Monday March 31, 2014
03:56 PM GMT+8

Advertisement

More stories

Aviation experts said there is a slim chance the Malaysia Airlines jet could have made an emergency landing on water without leaving much debris. — AFP picAviation experts said there is a slim chance the Malaysia Airlines jet could have made an emergency landing on water without leaving much debris. — AFP picKUALA LUMPUR, March 31 ― With no wreckage or debris to be found of the missing Flight MH370 three weeks on, aviation experts said there is a slim chance the Malaysia Airlines jet could have made an emergency landing on water without leaving much debris.

In a joint televised interview with CNN’s chief national security correspondent Jim Sciutto yesterday, oceanographer Alexander Babanin and CNN’s aviation analyst Miles O’Brien were asked if the passenger plane could have landed intact on water, to which both men agreed.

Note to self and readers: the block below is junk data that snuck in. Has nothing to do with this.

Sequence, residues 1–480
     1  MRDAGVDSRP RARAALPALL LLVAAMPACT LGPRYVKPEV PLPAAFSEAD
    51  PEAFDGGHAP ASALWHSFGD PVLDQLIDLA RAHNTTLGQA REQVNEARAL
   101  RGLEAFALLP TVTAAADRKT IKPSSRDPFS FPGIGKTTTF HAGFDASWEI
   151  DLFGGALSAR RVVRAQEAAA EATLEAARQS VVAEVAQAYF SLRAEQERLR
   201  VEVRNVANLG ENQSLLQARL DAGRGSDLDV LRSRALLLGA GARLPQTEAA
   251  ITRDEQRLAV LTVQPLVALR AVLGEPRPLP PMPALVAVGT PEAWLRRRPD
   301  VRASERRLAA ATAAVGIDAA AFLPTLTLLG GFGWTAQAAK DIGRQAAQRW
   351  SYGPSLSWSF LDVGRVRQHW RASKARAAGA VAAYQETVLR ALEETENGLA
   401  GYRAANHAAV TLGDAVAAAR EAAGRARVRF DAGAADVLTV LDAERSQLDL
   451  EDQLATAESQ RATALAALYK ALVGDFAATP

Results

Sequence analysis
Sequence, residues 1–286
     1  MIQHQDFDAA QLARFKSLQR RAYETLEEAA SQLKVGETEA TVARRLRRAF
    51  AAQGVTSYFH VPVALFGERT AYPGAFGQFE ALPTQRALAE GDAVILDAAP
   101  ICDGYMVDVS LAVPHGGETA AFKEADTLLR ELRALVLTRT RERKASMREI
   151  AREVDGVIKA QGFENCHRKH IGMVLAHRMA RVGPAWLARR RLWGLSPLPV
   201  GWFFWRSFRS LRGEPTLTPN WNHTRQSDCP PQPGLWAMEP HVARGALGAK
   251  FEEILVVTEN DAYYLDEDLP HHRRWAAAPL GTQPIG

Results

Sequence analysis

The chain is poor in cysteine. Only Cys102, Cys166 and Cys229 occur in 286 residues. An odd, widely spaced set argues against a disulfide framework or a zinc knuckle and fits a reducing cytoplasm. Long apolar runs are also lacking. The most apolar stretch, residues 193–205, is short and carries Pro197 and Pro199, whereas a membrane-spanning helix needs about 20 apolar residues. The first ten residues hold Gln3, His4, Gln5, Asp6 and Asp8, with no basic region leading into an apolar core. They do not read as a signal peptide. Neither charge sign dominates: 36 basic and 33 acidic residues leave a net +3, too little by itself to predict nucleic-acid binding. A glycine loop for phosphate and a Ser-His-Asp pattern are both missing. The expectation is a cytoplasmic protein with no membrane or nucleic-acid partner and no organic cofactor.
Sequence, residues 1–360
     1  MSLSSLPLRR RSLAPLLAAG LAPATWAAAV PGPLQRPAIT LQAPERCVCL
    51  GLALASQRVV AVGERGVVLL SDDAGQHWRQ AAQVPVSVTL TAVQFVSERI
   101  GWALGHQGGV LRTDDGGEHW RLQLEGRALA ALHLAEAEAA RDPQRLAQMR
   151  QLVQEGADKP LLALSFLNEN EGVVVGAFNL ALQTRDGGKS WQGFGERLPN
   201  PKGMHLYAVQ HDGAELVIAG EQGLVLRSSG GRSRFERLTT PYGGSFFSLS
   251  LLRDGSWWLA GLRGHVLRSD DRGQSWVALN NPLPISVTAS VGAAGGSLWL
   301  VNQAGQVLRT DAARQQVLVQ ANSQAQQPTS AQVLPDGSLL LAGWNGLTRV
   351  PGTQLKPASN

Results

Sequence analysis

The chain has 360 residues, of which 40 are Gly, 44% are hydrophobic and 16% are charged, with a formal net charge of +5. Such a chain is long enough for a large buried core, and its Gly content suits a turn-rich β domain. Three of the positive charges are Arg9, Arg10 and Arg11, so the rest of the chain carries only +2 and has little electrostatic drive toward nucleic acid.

Sciutto also pointed out that US Airways Flight 1549 had successfully ditched into the Hudson River near New York in 2009, with all on board surviving the crash landing.

“But it's pretty hard to ditch in the water at night,” O’Brien said in the interview on the American news network.

“So I'm not exactly sure if at that time after that much flying, they were in daylight conditions or darkness. So that'd be a key thing,” the aviation analyst added.

Citing satellite data, Prime Minister Datuk Seri Najib Razak said last Monday that Flight MH370 had ended in the southern Indian Ocean, west of Perth, Australia, after the plane disappeared from civilian radar in the early hours of March 8.

In the Gallery


  • People light up candles during a ‘Love U MH370’ event in Kuala Lumpur, March 30, 2014. ― Reuters pic

  • A woman casts her shadow as she hangs messages during a ‘Love U MH370’ event in Kuala Lumpur, March 30, 2014. ― Reuters pic

  • A girl writes messages during a ‘Love U MH370’ event in Kuala Lumpur, March 30, 2014. ― Reuters pic

  • Australian Prime Minister Tony Abbott meets members of Malaysia's Air Force who are currently based at RAAF Base Pearce near Perth March 31, 2014. ― Reuters pic